It's hip to be square.
Edge is unlike any game I’ve ever played. It’s a platformer, but it’s also a puzzle game in which speedrunning is encouraged. The premise is unbelievably simple: you control a glowing cube through gray maze while finding and collecting smaller cubes before ending up at the finish line. Your performance is graded based on time, number of small cubes collected, and how many times you died. That’s it folks, but it’s the details that make things interesting.
You can’t always see every part of the maze so you’ll have to rely on the mini-map, which is displayed handily in the upper-left corner. In order to successfully navigate some levels, you’ll have to rely on your mini-map as much as the main view to collect all the collectibles or find your way through an area. Sometimes your cube will “step” onto a small black switch, which have a variety of effects, although for the most part they redistribute blocks on the playing field.
Despite its geometric simplicity, Edge is a very pretty game. While the maps are gray, different shades of gray denote elevation, and while the backgrounds are (for the most part) black, there are streaks of color here and there. Everything that needs to stand out does so unambiguously, which is important. In fact, the simplicity of the visuals is important to the tone of the game. There’s not a lot to distract you while you carefully maneuver through mazes of ever-increasing complexity. Even the controls are simplistic: you move with the left stick and do nothing else. Technically, you can also move with the D-pad, but since it’s an isometric view, the D-pad isn’t all that practical.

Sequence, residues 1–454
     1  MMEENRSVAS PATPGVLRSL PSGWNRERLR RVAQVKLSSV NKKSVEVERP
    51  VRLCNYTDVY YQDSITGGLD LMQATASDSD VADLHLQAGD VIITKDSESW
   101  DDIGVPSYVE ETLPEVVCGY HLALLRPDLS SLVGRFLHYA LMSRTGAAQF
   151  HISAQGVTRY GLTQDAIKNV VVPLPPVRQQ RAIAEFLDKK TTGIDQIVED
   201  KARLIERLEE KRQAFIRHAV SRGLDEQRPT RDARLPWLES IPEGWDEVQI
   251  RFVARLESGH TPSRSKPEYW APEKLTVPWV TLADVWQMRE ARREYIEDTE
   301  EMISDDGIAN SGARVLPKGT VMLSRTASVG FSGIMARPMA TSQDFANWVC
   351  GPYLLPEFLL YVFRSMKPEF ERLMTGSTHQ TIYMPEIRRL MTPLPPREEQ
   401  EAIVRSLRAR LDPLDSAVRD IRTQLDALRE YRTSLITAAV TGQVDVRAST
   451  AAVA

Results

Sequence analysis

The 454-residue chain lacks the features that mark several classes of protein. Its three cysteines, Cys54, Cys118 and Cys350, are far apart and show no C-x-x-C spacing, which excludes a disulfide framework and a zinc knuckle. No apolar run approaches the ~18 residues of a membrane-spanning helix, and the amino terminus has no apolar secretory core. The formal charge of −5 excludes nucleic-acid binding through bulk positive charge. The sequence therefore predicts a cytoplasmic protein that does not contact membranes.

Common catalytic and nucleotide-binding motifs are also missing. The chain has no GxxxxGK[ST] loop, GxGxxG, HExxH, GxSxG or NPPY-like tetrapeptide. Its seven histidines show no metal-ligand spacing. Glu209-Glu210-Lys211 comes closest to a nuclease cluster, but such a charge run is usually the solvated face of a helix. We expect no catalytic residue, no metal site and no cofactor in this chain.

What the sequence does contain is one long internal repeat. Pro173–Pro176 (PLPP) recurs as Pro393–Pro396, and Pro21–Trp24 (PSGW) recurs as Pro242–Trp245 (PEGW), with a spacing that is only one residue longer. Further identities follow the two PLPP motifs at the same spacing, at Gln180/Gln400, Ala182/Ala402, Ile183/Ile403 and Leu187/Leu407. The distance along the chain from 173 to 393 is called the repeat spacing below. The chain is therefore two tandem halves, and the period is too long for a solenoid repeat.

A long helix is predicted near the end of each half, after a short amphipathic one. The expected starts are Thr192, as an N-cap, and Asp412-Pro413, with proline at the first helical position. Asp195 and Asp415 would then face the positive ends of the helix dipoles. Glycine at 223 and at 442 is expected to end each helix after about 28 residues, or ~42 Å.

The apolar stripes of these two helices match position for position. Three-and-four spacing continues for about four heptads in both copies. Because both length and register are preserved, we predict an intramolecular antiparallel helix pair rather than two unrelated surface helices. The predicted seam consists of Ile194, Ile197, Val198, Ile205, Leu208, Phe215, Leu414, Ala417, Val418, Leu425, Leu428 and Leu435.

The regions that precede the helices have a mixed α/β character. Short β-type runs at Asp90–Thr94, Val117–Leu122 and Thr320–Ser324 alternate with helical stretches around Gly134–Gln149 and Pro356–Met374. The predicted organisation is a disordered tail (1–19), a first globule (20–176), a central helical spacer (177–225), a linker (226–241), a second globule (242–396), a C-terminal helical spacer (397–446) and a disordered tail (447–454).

It’s also very addictive, which is good because there is no dearth of content here: Edge features a bunch of normal levels, a bunch of “extended” levels (which are really just new levels), and a handful of challenging bonus levels. Completionists will have a hell of a time getting S grades on all the mazes while, for the rest of us, Edge is a relaxing experience that can be played in short bursts on the GamePad, while our wives watch the latest Hallmark Christmas Movie (starring, inevitably, Dean Cane).
The game does have some flaws. One advanced movement technique has you softly “holding” onto a moving block and then releasing once you reach your destination. This is incredibly difficult to do with any modicum of consistency. It’s the game’s most frustrating type of movement. Also, when within a larger structure, the mini-map doesn’t actually tell you where the walls are, so you have to do a lot of experimentation to get out of the structure. If you’re going for time, this can be needlessly tedious. I also have problems with how exact and perfectly timed some of your moves need to be, but that’s kind of the point: this game is about precision.
I like Edge a lot. It’s addictive and elegant in its simplicity, and the geometric world is bizarrely engaging.